This article was published by 1stWebDesigner and curated by Closer Spot. Be sure to check out other Closer Spot news and advice to help you win more business.
As we prepare to say goodbye to 2017, it’s only natural that we look back at the year that was in a variety of design genres. Today, we’ll focus on the top WordPress themes released during the year.
While there are many ways to judge themes (looks, features, popularity, etc.), we’re going to be bold and simply say that we really like the ones on this list. They represent the spectrum of what’s available, from free to commercial, from barebones to feature-rich.
Here they are, in no particular order. Let’s celebrate our 10 favorite WordPress themes of 2017!
Minimal 20/17Minimal 20/17 is a free child theme of the default WordPress Twenty Seventeen theme. It takes away some of the “excessive” padding of its parent, introduces a wider layout and adds in a couple of extra templates. This will save anyone wanting to build on top of the original a few steps.
WoodMartWoodMart is a commercial theme that focuses on WooCommerce shops. What really sets it apart are the advanced navigation features. Large, customizable mega menus make it a great fit for sites with a lot of product categories. Ajax product filtering enables customers to find exactly what they’re looking for. There’s something for just about every need here.
WP GenericWP Generic may be free, but it’s got the look and feature set of a commercial theme (of course, there is the obligatory pro version as well). The theme works with the WordPress Customizer, allowing you to tweak colors and other settings to fit your needs. Overall it’s a very attractive and easy-to-read theme.
Course BuilderCourse Builder aims to take advantage of the rise in sites using WordPress as a LMS (Learning Management System). It works in conjunction with the LearnPress plugin to help you build and sell online or offline courses. This commercial theme comes with several LearnPress premium add-ons, including plugins that work with various payment gateways, WooCommerce, Paid Memberships Pro and more.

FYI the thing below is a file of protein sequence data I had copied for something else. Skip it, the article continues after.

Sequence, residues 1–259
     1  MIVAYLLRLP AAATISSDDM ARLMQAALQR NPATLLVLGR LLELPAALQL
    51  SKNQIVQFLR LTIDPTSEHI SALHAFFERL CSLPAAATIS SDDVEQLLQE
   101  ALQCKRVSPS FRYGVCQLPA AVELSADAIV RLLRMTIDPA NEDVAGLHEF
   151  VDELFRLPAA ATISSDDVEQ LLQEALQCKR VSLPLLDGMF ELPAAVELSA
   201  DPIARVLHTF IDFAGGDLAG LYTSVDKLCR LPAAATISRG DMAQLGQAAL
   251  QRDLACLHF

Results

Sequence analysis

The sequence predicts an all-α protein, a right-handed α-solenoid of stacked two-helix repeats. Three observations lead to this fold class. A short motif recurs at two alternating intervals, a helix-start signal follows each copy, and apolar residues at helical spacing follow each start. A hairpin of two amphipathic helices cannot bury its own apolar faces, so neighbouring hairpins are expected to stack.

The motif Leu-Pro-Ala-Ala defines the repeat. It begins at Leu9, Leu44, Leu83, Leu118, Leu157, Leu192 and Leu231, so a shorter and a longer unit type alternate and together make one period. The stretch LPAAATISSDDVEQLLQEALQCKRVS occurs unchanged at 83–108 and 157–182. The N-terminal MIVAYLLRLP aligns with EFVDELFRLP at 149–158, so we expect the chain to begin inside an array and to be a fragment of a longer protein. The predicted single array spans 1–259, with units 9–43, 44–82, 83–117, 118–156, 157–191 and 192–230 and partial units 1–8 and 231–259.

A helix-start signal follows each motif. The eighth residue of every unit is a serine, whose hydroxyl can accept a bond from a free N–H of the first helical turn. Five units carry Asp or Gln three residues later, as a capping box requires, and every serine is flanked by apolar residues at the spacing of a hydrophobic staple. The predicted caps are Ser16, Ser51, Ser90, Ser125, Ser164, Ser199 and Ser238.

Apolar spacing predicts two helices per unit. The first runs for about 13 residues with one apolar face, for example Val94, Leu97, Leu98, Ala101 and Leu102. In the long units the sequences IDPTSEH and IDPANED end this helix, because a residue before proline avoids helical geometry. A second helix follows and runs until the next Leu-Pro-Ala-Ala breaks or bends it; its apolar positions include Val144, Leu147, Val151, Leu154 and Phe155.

CustomPressCustomPress is a free theme that prides itself on being easy to customize. It’s also built for speed (based on the Milligram CSS framework) and compatibility with mobile devices. The look is clean and uncluttered.
FlexblogFlexblog is further proof that blogging is still an important part of what WordPress does. And this commercial theme treats bloggers right, with lots of different layout options to suit their needs. You’ll also find different navigation/pagination styles, built in social sharing and compatibility with the WordPress Customizer.
ArielAriel brings an attractive, photo-centric style to blogging. The style isn’t overbearing – a welcome characteristic in this category. Included with the free theme are two slider styles, lots of sidebar options and social media icons. A pro version adds more customization options, post formats and other assorted goodies.
Get SkeletonGet Skeleton is a free starter theme based on the popular _s (Underscores) and features the GetSkeleton CSS boilerplate. It’s meant for designers who want to create their own stunning theme, but want a solid foundation to build upon. So, no, it’s not going to win any beauty prizes out-of-the-box. It is, however, meant for serious development.
SkinSkin shows us the fun side of WordPress themes. The design is unique and quite bold – although you can customize it to match your personality. It seems to be the perfect fit for the modern blog that’s looking to go viral. There’s lots of movement and animation, but the layout is still easy enough to follow. This one is definitely a different sort of commercial theme.
CortexCortex also lends itself to a more whimsically creative type of website. There are 17 home page layouts to choose from with this commercial theme – all are quite colorful. You’ll find several navigation options, including mega menus and a slide-out “hamburger” option. Animation is also big here, with lots of floating objects to add a bit of flair to your content.
Looking Back…And AheadWhat did we learn from 2017? Well, blogging is still “in”. And developers are getting increasingly more playful with designs and features. That makes sense given the times we live in and the crowded market for themes.
But 2018 looks like it will be a whole other level of eventful when it comes to themes (and WordPress in general). With the Gutenberg editor due to arrive, look for theme developers to race to ensure compatibility and add their own custom features based on it. It will be fascinating to see how the market adapts to this new way of creating and editing content.